Monday, April 8, 2013

Where the Sidewalk Ends

Title: Where the Sidewalk Ends
Author: Shel Silverstein
Illustrator: Shel Silverstein
Publisher: Harper Collins Publishers
Genre: Poetry
Level: Intermediate
Number of Pages: 166

Pub. Date: 1974
Summary: This is a collection of poems for children covering topics of all sorts. From bagpipes to animals to lazy children, this book has a poem for everyone. They are all humorous and clever and feature some very interesting characters. Some of the poems tell tall tales, revel in silliness, make light of small anxieties, and give voice to outrageous things a kid would never, ever do - like bathe an armadillo, for instance, or make a hippopotamus sandwich, or spit from the twenty-sixth floor.

Critique: This book is definitely a high quality collection of poems. They are fun and engaging for a reader of any age and they have many elements of poetry that grant them this high-quality status. The poems definitely shed a fresh and original light on numerous topics, like a house full of spaghetti or what happens when you don’t take the garbage out! The voice in his poems is defiantly sincere. You can almost hear him talking to the reader, telling the story of how to make a hippo sandwich or how you have to take the two-tailed dog out for twice as many walks. He also uses great rhythm and flow in his writing that can be heard very well when his poems are read out loud. They also showcase a lot of rhyme and imagery, making his poems even more enjoyable to read.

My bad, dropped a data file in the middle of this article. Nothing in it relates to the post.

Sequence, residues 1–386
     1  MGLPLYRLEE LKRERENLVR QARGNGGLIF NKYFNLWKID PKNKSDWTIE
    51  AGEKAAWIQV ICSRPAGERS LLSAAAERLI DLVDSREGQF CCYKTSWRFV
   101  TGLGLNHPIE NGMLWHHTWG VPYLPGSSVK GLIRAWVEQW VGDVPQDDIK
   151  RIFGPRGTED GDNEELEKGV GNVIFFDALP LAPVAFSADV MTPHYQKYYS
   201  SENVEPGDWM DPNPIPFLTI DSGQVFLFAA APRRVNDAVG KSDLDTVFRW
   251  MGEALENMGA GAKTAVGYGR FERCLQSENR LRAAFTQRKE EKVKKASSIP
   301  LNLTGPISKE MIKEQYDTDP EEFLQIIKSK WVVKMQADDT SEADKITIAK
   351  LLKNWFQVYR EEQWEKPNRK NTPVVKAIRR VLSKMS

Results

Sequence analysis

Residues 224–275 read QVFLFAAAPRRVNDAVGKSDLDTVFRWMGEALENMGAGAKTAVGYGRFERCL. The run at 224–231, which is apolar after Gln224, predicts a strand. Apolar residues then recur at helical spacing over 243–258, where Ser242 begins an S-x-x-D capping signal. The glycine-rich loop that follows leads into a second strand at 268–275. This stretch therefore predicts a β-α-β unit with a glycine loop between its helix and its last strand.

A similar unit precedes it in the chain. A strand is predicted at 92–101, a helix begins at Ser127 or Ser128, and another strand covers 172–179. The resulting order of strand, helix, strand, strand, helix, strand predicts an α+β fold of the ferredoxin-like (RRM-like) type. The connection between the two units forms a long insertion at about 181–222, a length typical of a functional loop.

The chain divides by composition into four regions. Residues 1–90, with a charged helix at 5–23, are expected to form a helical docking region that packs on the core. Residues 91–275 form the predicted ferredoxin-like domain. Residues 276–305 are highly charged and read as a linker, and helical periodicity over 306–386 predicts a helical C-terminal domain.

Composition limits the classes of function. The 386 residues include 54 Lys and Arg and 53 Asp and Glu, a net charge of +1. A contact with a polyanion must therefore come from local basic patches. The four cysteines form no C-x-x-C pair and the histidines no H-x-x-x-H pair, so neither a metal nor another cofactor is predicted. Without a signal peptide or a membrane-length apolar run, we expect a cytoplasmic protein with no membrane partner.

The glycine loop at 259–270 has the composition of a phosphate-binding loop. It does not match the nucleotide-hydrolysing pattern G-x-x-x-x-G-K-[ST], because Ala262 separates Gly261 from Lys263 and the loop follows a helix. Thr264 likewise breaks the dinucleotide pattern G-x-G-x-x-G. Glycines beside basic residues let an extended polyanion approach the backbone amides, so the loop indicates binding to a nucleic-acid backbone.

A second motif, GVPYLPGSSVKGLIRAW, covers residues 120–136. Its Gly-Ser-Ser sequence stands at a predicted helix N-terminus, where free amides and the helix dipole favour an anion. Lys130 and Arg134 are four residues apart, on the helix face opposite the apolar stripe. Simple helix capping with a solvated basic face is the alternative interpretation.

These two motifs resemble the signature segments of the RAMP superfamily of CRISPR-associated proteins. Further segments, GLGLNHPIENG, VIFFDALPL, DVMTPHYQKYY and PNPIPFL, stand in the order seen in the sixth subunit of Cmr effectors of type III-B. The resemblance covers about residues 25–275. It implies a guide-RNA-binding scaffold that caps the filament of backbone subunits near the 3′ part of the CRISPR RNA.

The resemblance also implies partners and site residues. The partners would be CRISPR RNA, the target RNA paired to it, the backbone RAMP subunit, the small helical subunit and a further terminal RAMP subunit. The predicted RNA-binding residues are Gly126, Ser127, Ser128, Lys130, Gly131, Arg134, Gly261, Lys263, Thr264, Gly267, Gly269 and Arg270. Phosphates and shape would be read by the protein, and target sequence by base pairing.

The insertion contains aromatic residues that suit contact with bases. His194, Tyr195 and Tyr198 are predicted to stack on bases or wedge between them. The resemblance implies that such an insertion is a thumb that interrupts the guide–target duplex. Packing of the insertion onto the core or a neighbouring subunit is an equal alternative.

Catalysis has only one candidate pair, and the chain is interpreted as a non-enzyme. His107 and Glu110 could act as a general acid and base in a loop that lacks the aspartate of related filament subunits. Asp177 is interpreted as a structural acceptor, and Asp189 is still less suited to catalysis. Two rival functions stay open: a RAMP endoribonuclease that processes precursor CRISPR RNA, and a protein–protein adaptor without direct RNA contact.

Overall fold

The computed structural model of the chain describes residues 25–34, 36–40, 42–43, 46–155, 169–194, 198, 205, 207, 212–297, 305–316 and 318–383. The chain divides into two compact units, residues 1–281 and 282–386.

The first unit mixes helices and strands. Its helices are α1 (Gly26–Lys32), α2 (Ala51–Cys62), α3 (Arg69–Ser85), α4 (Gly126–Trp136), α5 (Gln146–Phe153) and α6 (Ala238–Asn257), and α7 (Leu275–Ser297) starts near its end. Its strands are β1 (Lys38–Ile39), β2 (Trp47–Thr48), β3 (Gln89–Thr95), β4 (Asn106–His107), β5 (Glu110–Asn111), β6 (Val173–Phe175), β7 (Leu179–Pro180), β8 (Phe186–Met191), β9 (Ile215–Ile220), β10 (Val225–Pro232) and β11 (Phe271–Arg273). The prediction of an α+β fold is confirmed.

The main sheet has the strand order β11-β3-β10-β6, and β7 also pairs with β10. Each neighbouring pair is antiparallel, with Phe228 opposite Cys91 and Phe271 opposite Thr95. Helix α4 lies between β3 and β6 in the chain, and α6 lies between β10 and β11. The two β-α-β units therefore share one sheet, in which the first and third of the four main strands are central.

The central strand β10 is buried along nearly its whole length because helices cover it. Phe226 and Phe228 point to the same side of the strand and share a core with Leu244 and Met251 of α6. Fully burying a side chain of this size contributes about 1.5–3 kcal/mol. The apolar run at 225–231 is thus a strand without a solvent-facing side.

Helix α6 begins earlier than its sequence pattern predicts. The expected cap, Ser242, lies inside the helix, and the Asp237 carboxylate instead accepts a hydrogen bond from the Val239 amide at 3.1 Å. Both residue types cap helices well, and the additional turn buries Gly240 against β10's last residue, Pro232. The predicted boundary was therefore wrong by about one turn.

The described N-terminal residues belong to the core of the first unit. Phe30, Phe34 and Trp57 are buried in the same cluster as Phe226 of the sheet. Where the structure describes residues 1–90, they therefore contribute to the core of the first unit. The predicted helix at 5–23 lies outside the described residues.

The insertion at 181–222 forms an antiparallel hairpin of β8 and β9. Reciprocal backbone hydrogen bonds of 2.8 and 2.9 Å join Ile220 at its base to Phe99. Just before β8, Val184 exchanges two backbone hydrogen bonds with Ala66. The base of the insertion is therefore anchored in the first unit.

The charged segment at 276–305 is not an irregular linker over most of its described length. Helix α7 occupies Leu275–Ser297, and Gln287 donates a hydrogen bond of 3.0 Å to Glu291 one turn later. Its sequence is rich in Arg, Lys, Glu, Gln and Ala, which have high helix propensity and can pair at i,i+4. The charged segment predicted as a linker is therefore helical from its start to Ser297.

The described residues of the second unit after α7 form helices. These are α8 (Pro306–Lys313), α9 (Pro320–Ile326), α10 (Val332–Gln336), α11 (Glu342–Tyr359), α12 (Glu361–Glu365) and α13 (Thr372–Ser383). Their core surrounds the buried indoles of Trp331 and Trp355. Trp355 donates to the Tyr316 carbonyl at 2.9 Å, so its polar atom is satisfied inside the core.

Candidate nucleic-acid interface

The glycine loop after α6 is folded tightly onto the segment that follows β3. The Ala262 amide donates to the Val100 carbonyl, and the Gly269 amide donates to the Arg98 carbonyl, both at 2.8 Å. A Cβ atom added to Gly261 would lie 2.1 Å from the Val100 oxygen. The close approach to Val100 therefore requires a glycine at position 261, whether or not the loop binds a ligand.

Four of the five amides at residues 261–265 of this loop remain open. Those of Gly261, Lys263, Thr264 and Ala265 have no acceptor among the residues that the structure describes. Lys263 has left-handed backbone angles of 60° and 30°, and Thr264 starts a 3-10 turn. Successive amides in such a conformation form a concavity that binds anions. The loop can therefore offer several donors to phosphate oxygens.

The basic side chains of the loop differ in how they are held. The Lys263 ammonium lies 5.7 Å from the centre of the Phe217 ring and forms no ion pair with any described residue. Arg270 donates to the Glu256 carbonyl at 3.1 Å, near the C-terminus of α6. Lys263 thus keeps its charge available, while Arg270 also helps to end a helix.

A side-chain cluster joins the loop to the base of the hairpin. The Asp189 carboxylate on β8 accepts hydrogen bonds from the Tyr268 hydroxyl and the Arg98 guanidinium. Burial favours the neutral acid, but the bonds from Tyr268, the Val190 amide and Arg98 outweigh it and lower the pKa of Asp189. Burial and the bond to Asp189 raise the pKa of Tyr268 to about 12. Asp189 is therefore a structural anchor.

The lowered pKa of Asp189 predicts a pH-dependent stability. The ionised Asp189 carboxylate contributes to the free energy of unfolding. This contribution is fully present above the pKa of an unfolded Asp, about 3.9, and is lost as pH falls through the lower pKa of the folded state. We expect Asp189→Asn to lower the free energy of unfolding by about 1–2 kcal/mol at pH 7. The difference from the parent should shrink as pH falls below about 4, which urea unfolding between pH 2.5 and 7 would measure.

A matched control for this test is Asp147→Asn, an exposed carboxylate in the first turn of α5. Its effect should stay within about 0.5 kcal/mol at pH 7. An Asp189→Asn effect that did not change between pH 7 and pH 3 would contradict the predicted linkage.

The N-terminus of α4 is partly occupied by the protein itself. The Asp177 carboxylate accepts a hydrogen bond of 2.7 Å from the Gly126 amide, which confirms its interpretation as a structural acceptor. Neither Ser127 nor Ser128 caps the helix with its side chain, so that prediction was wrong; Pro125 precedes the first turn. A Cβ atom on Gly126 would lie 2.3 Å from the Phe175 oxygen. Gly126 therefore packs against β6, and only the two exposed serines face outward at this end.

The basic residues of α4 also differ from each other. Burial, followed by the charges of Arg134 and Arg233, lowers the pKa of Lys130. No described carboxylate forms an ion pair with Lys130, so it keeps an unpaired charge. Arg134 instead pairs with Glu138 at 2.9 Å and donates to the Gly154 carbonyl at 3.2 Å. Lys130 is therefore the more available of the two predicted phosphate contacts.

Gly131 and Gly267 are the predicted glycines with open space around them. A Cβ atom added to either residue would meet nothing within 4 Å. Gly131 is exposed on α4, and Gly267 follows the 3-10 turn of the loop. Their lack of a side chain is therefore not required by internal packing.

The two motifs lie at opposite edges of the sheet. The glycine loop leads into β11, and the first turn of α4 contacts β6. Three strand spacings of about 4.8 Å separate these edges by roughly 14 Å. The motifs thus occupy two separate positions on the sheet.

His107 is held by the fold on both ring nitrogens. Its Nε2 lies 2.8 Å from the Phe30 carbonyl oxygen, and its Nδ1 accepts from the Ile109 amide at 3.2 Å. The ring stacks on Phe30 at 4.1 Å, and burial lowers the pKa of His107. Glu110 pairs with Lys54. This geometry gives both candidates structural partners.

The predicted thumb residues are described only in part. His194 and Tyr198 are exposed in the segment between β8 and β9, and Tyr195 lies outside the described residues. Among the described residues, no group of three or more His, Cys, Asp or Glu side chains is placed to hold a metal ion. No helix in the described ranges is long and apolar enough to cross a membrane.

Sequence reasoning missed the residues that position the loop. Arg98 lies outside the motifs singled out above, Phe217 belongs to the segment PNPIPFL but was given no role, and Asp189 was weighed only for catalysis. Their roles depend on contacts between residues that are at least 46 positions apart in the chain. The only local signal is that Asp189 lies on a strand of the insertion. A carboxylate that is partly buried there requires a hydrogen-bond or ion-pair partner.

Response: This was honestly one of the best books I’ve read in a long time. I asked my mom if I had read it as a child and she said yes, you giggled all the way through it. In light of this, I felt it was appropriate to write my response about a part in the book that made me laugh. In this book it was many instances actually, so I will just pick a few. One of my favorite poems that made me laugh out loud was “The Dog with Two Tails.”  Imagining this little dog running around with no head was just hilarious to me. As I know how much work dogs are the part about having to take them on twice and many walks and pick up twice as much ‘you know what’ really rang true with me. This was one that I just had to read out loud to everyone around me when I was reading it and it made them laugh out loud too! The other poem that made me smile and laugh was the poem “Hug O’ War.” It was just so playful and innocent that it really touched my heart and made me giggle too, just like it says in the poem!


A great extension activity for a whole class activity or even an activity in a poetry workstation would be to have students copy down a poem from the book and create their own illustration of what they think that poem would look like. 

Here's my attempt at one! 

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